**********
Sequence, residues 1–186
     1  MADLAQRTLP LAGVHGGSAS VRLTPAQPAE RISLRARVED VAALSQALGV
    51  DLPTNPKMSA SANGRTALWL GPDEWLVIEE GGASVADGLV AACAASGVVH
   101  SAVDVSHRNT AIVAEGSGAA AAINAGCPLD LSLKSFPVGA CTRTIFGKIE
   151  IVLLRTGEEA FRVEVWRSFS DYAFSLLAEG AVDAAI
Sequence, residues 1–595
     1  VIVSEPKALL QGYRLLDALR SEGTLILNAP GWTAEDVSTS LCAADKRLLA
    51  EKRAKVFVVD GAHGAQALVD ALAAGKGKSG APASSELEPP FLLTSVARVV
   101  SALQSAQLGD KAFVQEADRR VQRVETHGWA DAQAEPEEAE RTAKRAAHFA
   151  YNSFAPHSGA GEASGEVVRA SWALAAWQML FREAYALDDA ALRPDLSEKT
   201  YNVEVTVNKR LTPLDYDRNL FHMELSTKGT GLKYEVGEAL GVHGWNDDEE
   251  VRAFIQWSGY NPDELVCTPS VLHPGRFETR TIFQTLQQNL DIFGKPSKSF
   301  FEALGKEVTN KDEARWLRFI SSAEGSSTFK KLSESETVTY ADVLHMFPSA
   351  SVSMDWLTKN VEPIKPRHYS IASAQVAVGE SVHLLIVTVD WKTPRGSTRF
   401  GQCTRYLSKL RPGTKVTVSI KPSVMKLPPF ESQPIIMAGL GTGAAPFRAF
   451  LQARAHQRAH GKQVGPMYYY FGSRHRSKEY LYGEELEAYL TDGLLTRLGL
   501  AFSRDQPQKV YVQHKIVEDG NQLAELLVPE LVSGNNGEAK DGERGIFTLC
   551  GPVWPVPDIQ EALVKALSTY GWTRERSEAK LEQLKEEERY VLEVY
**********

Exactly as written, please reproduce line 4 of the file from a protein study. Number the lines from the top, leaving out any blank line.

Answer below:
   101  SAVDVSHRNT AIVAEGSGAA AAINAGCPLD LSLKSFPVGA CTRTIFGKIE